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Losing the Cancer War

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The U. S. National Cancer Institute

On February 27, 2002, Senator Dianne Feinstein (D-CA) introduced The National Cancer Act of 2002 (S.1976). Co-sponsored by 30 bipartisan Senators, including Majority Leader Tom Daschle (D-SD) and Hilary Clinton (D-NY), the Bill is a radically different version of the 1971 Act that launched the National Cancer Program. The Bill adds $1.4 billion to the $4.6 billion 2003 budget authorized by President Bush, extra funds coming from the new Federal cigarette tax increase, and a further 50% annual increase to 2007, reaching a grand total of $14 billion. Feinstein said her goal is to "form our new battle plan to fight cancer." The legislation was referred to the Committee on Health, Education, Labor, and Pensions, then chaired by Senator Judd Gregg (R-NH). In April 2002, a similar bill, with 11 co-sponsors, was submitted to the House of Representatives.

These Bills establish a national network of 20 "translation" centers to combine basic and clinical research, and to commercialize promising findings. They also mandate insurance coverage for cancer screening, smoking cessation, genetic testing, and quality care standards, while making no reference to prevention.

Regrettably, this well-intentioned Bill unwittingly surrenders the National Cancer Program to special interests. The legislation has been strongly criticized by survivor coalitions, headed by the Cancer Leadership Council, and also the American Society for Clinical Oncology (ASCO). Of major concern, the Bill displaces control of cancer policy from the public to the private sector, the federal NCI to the "nonprofit" ACS, and thus creates confusing duplication and overlapping responsibility.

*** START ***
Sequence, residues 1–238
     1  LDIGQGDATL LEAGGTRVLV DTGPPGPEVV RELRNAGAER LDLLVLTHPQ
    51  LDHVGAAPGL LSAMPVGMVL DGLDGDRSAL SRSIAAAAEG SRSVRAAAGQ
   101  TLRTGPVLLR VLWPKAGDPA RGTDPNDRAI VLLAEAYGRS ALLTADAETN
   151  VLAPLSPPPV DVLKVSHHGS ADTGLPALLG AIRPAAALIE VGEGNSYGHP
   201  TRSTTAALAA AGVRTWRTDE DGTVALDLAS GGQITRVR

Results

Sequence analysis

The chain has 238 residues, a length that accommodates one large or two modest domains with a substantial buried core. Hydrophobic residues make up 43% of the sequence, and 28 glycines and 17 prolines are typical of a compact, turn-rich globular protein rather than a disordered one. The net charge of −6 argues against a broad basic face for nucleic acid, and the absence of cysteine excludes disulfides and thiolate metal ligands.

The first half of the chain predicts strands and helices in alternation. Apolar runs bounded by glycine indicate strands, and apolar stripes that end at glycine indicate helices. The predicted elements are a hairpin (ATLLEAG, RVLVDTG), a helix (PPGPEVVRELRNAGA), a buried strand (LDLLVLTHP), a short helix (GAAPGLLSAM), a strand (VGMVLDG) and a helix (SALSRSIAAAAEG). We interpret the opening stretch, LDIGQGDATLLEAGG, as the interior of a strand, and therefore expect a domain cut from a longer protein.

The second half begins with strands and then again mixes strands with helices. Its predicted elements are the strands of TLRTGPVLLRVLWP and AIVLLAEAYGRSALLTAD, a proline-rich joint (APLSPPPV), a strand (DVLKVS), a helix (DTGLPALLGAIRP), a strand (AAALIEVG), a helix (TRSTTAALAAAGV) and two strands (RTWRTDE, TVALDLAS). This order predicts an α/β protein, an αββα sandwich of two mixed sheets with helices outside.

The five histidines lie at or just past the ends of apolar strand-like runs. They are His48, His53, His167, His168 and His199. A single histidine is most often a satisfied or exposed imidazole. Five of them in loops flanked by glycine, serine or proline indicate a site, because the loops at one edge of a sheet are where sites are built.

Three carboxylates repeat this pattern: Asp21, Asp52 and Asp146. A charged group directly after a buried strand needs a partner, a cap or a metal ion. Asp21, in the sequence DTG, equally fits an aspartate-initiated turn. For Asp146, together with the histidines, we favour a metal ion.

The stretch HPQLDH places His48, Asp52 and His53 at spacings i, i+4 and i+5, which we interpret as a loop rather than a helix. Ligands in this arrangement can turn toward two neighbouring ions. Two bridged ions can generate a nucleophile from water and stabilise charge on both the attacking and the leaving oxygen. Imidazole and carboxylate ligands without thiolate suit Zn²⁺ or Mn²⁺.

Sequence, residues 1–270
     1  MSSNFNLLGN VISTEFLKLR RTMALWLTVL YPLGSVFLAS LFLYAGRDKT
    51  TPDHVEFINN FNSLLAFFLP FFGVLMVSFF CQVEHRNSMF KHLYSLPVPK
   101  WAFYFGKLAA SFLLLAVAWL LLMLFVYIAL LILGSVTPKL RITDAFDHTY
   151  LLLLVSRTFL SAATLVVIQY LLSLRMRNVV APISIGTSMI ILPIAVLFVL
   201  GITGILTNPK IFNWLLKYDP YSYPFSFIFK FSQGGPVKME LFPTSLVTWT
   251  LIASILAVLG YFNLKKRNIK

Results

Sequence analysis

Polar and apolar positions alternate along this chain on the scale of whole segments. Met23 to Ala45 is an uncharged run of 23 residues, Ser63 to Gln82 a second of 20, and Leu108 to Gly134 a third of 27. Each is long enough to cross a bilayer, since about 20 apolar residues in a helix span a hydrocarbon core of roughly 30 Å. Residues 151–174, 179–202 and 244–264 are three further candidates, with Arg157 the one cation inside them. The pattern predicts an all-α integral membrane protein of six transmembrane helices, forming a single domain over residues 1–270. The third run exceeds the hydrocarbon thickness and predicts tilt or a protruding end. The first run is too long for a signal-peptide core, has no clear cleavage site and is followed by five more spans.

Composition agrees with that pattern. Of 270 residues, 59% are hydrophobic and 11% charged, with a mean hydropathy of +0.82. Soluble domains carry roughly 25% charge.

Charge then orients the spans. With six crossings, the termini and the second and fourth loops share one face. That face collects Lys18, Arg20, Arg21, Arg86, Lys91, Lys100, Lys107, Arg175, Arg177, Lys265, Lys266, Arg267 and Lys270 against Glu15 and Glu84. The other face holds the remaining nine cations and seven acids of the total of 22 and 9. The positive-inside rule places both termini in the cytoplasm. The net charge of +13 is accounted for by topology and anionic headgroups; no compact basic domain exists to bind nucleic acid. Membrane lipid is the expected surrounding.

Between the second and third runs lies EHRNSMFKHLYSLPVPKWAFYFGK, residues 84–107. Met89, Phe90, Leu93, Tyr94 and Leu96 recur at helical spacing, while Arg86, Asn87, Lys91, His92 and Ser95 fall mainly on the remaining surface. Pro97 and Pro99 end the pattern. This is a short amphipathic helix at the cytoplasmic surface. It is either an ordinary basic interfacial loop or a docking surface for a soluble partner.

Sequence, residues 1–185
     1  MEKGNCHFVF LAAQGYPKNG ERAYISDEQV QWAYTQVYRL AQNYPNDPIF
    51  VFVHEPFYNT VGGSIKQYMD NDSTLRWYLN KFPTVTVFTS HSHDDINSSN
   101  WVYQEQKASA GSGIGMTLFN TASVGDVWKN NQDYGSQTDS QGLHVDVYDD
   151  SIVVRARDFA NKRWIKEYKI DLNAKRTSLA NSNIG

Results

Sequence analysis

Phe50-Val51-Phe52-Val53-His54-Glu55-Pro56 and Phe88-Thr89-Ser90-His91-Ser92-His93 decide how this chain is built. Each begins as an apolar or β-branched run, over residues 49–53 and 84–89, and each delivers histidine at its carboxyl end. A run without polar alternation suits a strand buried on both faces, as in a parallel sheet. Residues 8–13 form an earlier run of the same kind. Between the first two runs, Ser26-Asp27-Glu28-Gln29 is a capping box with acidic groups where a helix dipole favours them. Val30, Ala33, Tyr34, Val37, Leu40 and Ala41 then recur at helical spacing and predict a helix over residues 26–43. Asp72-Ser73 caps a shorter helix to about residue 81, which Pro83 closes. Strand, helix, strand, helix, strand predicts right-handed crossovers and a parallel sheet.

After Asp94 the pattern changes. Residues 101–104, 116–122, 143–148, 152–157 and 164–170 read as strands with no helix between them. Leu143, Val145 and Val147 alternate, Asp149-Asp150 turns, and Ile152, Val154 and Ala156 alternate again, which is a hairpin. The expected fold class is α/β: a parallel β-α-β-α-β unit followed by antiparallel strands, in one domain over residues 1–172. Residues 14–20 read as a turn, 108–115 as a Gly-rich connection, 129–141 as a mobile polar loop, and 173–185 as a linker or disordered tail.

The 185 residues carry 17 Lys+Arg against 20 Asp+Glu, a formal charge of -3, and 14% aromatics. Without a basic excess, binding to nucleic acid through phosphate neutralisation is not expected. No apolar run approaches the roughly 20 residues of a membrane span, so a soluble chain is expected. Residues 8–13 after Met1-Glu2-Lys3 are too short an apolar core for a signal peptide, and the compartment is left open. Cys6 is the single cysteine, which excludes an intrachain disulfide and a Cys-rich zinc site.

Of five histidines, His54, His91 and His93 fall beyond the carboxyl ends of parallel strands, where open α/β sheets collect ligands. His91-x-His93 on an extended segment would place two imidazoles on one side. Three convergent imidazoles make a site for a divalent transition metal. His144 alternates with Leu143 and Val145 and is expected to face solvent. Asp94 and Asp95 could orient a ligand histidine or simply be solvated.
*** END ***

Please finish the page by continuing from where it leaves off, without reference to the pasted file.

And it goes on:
American Cancer Society Seeks Control of U. S. Cancer Policy

As disturbing as the Bill is its background. Meeting behind closed doors in September 1998, the ACS created, funded and promoted the National Dialogue on Cancer (NDC). This was co-chaired by former President George Bush and Barbara Bush, with Senator Feinstein as vice-chairman, and former Governors Tom Ridge of Pennsylvania and Tommy Thompson of Wisconsin as "Collaborating Partners" (37). Included also were some 100 representatives of survivor groups and the cancer drug industry. The NDC leadership, including ACS President-Elect Dr. Andrew Von Eschenbach, without informing its NDC participants, then unilaterally spun off its own Legislative Committee, co-chaired by Dr. John Seffrin, CEO of the ACS, and Dr. Vincent DeVita, NCI director from 1980 to 1988, to advise Congress on the proposed new Act. DeVita’s track record as NCI Director was characterized by hostility to cancer prevention, and attempts to mislead Congress to the contrary (12).

The ACS track record raises concerns on conflicts of interest and special interests, in sharp contrast to the public interest (Appendix VI). Dr. John Durant, Executive President of the American Society of Clinical Oncology (ASCO), awarded the Society’s 2002 Presidential U.S. Cancer Fighter of the Year, charged: "It has always seemed to me that this was an issue of control by the ACS over the cancer agenda. They are protecting their own fundraising capacity . . ." from competition by survivor groups (37). Not surprisingly, the authoritative U.S. charity watchdog, The Chronicle of Philanthropy, warned against the transfer of money from the public purse to private hands. “The ACS is more interested in accumulating wealth than saving lives” (38).